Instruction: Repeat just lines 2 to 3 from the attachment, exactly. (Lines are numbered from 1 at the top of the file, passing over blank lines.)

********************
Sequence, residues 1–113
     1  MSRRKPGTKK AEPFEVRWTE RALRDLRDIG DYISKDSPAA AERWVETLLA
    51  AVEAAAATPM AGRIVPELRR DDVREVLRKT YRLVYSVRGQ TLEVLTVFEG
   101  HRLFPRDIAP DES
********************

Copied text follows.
     1  MSRRKPGTKK AEPFEVRWTE RALRDLRDIG DYISKDSPAA AERWVETLLA
    51  AVEAAAATPM AGRIVPELRR DDVREVLRKT YRLVYSVRGQ TLEVLTVFEG